Our overarching hypothesis is that selective synaptic alterations in cortical glutamatergic systems occur with aging, compromising both synapse number and the molecular and morphologic components of plasticity required for learning and memory, thereby contributing to age-related cognitive impairment The current Specific Aims are: 1) To determine the age-related morphologic and molecular alterations in pyramidal cells and axospinous synapses in area 46 of dorsolateral prefrontal cortex (dlPFC) in rhesus monkey and their contribution to cognitive aging; 2) To determine the age-related synaptic alterations in rhesus monkey hippocampus and the degree to which they predict decrements in the medial temporal lobe memory system; and 3) To identify changes in synaptic GluR profiles induced by LTP in young and aged rats, how they are altered in aging, and how such age-related alterations relate to memory performance mediated by hippocampus. We have made extensive progress in all three Specific Aims, and have revealed fundamental differences in the nature of synaptic aging between hippocampus and dIPFC as well as differences in the indices that are predictive of cognitive performance mediated by each region. In addition, we have revealed that the small, thin, highly plastic spines are vulnerable in dIPFC, whereas the mushroom spines are unaffected by aging. The MERIT extension will allow us to pursue these reflections of selective vulnerability in synaptic aging comprehensively, as well as pursue several new directions. First, with extended time we will be able to determine the molecular profile of vulnerable vs. resistant spine classes in dIPFC to provide a basis for therapeutic strategies. Second, we will have access to two additional cohorts of young and aged rhesus monkeys with structural and functional imaging built in to the design, and differential rearing conditions as a variable for one of the cohorts. Third, we have now developed the capacity to dramatically expand our neuronal reconstruction and spine analysis to additional neocortical regions, allowing for a comprehensive analysis of selective synaptic vulnerability across the neocortex. Fourth, we will expand our molecular targets to include links to both tau pathology and actin polymerization to provide a more mechanistic basis for alterations in neuronal/synaptic structure and plasticity. Fifth, we will expand our rat analyses to include PFC to test the hypothesis that the synaptic and circuit mechanisms in the PFC age similarly and can impair homologous cognitive functions across species. In all cases, we will expand our capacity to provide novel therapeutic targets based on molecular underpinnings of synaptic aging.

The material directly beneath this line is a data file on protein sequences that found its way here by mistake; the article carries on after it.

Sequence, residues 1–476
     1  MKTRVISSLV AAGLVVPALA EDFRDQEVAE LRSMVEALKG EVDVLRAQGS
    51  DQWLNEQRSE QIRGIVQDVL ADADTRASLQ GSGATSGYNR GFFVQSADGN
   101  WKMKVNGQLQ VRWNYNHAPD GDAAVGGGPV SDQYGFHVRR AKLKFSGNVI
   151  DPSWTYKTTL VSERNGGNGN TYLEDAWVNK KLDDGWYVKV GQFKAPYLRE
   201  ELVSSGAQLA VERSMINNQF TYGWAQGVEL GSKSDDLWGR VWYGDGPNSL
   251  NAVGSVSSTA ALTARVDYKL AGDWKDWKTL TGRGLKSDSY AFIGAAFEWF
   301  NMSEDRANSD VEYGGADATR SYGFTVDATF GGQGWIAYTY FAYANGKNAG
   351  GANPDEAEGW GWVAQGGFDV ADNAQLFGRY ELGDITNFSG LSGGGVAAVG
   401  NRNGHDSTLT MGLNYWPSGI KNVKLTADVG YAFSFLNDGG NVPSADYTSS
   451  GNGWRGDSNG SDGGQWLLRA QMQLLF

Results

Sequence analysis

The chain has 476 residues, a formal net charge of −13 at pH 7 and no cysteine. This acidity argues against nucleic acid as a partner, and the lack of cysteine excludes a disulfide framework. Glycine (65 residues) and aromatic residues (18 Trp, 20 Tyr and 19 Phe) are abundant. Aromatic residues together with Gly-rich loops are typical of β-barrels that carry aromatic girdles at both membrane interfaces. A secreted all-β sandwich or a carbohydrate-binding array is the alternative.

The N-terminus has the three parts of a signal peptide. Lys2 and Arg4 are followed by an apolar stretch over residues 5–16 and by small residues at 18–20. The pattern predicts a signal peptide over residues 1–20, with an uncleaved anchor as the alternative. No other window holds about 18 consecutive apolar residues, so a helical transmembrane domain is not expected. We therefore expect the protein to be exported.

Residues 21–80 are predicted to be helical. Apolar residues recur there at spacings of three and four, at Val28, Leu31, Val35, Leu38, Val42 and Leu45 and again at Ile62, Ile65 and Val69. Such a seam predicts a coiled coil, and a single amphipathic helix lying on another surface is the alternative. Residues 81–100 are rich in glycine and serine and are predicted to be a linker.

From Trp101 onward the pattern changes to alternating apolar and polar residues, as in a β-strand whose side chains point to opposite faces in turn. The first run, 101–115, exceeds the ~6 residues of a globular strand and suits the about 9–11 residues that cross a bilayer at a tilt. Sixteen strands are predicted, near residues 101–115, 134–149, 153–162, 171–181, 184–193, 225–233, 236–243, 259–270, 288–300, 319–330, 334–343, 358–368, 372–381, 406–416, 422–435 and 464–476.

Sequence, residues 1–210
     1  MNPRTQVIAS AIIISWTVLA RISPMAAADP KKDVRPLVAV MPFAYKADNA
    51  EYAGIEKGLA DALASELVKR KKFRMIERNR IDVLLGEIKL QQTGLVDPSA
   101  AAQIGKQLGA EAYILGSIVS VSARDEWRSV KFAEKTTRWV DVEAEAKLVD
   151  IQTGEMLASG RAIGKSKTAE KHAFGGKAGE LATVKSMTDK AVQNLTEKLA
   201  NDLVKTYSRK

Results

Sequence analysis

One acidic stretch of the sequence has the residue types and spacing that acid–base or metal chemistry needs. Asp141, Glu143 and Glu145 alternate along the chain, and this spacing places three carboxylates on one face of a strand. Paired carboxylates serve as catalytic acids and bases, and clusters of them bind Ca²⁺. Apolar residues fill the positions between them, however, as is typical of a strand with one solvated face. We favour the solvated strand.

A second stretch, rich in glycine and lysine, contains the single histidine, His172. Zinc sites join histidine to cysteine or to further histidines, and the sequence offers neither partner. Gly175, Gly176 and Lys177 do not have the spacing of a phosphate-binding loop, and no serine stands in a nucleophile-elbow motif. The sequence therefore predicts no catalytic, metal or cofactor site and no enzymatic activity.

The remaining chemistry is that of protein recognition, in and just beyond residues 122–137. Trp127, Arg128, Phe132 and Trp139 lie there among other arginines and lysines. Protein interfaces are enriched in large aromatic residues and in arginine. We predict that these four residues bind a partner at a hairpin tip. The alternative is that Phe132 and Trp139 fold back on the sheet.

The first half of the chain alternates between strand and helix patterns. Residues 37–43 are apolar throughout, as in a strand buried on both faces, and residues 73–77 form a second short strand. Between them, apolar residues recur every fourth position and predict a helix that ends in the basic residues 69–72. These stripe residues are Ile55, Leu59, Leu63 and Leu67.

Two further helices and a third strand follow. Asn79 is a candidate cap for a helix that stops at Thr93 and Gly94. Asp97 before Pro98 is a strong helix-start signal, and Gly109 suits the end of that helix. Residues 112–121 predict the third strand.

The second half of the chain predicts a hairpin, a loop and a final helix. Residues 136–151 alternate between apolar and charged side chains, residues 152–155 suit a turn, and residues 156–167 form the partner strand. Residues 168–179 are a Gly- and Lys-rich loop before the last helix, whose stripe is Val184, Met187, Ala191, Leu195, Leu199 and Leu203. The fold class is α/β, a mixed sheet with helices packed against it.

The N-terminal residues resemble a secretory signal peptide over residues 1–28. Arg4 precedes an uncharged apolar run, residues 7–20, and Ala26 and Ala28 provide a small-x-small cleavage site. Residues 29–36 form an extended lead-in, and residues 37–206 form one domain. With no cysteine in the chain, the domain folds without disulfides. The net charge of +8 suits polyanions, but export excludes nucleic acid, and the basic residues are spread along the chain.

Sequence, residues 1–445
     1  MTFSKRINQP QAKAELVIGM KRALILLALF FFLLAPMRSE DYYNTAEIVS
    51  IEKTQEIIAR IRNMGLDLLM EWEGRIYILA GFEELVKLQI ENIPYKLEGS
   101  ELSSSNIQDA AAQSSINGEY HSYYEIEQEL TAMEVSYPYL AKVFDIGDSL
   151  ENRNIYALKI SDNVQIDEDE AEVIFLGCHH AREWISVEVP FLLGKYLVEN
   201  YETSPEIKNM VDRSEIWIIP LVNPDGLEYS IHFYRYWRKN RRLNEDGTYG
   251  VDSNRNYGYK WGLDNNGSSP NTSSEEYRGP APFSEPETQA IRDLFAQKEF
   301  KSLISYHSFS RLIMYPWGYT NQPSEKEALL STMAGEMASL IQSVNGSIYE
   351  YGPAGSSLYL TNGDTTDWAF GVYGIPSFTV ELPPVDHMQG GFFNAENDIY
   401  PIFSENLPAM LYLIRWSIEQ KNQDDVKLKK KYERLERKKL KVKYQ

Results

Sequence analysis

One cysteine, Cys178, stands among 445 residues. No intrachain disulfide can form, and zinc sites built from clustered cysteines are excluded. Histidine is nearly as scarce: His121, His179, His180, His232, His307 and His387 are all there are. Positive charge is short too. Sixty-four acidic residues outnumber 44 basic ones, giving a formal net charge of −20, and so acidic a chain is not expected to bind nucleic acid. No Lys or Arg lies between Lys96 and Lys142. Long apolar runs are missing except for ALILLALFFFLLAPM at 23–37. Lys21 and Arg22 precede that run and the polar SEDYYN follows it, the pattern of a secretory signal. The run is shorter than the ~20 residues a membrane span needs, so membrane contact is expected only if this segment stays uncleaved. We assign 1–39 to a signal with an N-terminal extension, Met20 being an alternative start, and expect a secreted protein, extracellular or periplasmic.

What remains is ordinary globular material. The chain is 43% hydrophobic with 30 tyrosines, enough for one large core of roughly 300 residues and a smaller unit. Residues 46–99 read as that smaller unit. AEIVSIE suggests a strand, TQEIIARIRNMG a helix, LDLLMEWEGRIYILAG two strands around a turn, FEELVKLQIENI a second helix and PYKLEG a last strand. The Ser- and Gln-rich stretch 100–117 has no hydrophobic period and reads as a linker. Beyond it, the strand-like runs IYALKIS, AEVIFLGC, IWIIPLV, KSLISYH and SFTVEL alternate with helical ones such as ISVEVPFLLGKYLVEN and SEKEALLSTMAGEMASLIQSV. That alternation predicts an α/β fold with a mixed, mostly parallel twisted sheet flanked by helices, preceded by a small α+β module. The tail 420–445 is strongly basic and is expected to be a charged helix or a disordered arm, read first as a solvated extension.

This project is designed to reveal the synaptic basis for age-related cognitive decline. The emerging data will provide a framework for both behavioral and pharmaceutical therapies to protect against age-related cognitive decline. This is important for non-Alzheimer's Disease cognitive decline as well as Alzheimer's Disease since the synaptic alterations that we identify very likely occur in the human brain as well, leaving neurons vulnerable to the degenerative cascade embodied by Alzheimer's Disease.
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|Morrison, John H; Baxter, Mark G (2014) Synaptic health. JAMA Psychiatry 71:835-7|
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|Bloss, Erik B; Janssen, William G; Ohm, Daniel T et al. (2011) Evidence for reduced experience-dependent dendritic spine plasticity in the aging prefrontal cortex. J Neurosci 31:7831-9|
|Dumitriu, Dani; Hao, Jiandong; Hara, Yuko et al. (2010) Selective changes in thin spine density and morphology in monkey prefrontal cortex correlate with aging-related cognitive impairment. J Neurosci 30:7507-15|
|Park, C S; Elgersma, Y; Grant, S G N et al. (2008) alpha-Isoform of calcium-calmodulin-dependent protein kinase II and postsynaptic density protein 95 differentially regulate synaptic expression of NR2A- and NR2B-containing N-methyl-d-aspartate receptors in hippocampus. Neuroscience 151:43-55|
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